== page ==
In his autobiography, Davis criticized the Juilliard classes for centering too much on the classical European and “white” repertoire. However, he also acknowledged that, in addition to greatly improving his trumpet playing technique, Juilliard helped give him a grounding in music theory that would prove valuable in later years.

Even Terence Fletcher, oppressive dictator though he is, uses the school as a testing ground. Music, to him, does not exist as a fun game for rich white people who go to school in New York; he demands, and expects, greatness far beyond what most people can achieve. He knows how to elicit those results, even if the ends don’t justify the means. He must play the game, for he demands of himself the ability to produce one great jazz legend for the modern. Neiman, on the other hand, keeps right up with the pressure of playing drums at such an exacting and terrifying level. He demands greatness from himself, even at the expense of normal, human relationships. Both their ideals strive towards the same end, and neither of them clearly want it any other way. In other words, they don’t regret these decisions, or these games they play; rather, they relish in them, both finding themselves in a dance to “win the game”, and in the process hit the point of mastery. The pursuit continues beyond normal human institutions and into a personal obsession.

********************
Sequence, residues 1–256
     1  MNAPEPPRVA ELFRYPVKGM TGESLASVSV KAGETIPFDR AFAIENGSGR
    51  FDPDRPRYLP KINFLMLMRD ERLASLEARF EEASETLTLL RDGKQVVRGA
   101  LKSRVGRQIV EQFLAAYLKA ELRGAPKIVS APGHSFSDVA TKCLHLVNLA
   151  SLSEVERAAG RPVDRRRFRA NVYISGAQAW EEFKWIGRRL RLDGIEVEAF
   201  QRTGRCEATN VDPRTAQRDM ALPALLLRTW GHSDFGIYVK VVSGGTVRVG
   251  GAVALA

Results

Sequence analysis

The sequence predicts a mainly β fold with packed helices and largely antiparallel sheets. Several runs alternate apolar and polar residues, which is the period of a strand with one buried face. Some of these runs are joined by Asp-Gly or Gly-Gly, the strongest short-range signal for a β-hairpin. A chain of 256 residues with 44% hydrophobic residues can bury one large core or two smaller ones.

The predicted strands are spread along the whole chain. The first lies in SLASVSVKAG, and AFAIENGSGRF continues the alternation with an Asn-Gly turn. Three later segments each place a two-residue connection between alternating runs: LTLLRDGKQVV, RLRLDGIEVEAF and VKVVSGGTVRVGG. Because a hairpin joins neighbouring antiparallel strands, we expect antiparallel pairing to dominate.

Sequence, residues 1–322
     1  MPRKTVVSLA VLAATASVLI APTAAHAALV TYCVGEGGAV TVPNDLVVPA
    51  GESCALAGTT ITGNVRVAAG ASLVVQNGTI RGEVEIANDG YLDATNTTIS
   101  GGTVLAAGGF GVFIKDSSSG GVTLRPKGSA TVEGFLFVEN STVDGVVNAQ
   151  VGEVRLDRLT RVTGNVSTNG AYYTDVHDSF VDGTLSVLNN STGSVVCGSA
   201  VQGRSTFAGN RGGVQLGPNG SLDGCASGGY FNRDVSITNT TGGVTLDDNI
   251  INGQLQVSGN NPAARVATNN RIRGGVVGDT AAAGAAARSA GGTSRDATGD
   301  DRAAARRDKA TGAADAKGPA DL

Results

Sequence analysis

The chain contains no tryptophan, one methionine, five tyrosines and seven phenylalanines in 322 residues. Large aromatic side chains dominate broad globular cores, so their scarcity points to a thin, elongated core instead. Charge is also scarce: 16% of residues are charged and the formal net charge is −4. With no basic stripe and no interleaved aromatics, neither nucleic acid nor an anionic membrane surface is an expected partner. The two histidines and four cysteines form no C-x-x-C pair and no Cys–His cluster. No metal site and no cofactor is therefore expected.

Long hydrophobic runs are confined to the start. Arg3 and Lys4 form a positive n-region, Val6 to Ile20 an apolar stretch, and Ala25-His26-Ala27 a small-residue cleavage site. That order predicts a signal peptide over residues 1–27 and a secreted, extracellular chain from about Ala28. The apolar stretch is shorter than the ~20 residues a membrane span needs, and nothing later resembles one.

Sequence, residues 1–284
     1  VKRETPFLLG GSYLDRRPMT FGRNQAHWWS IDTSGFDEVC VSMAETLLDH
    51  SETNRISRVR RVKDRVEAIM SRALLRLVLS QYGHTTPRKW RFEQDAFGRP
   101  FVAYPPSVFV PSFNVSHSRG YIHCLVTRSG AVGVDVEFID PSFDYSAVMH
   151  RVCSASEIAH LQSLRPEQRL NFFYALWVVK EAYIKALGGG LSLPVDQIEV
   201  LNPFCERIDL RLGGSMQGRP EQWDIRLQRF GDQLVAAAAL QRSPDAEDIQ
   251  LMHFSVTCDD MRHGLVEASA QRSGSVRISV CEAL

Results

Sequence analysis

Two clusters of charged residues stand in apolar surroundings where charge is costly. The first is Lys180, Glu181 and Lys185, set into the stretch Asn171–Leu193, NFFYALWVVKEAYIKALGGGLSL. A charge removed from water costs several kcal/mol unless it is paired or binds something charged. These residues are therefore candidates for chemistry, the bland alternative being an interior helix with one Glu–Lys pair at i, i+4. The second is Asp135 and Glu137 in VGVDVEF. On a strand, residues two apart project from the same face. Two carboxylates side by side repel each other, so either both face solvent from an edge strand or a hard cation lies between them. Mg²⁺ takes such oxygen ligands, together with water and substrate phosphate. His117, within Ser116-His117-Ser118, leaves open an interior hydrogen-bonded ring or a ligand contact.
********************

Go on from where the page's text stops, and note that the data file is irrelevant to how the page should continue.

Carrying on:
So yes, this movie has something to say, and takes a particular position, but it never panders down or says “this is why they pursue this goal”. The ideal remains intrinsic, not extrinsic, and so we can see both Andrew and Fletcher as genuine people. That doesn’t mean you must like them, but understanding them may prove the most important, interesting part of the entire film. The jazz, I think, is ancillary, and probably not exactly accurate to the art form; as a vehicle for interesting themes, though, it’s a great subject matter.

Now, I cannot actually recommend this film to every person. The R-rating exists as a wall to prevent all comers, and that’s no more true than in this film. Simmons uses a variety of colorful language, to put it in the nicest way possible, and almost all of it probably offends one people group or another. Without the absolute unwavering intensity, however, Whiplash wouldn’t quite give you the Whiplash of Hank Levy’s seminal big band song. It needed that level of intensity to create Terence Fletcher and not just remain a boring music motivational movie. If you can’t deal with racial and sexual slurs, among other salty language, this probably won’t work for you.

Still, if you can get past that, I would say you pretty much need to see this film. Go see it!

About Zachery Oliver

Zachery Oliver, MTS, is the lead writer for Theology Gaming, a blog focused on the integration of games and theological issues. He can be reached at viewtifulzfo at gmail dot com or on Theology Gaming’s Facebook Page.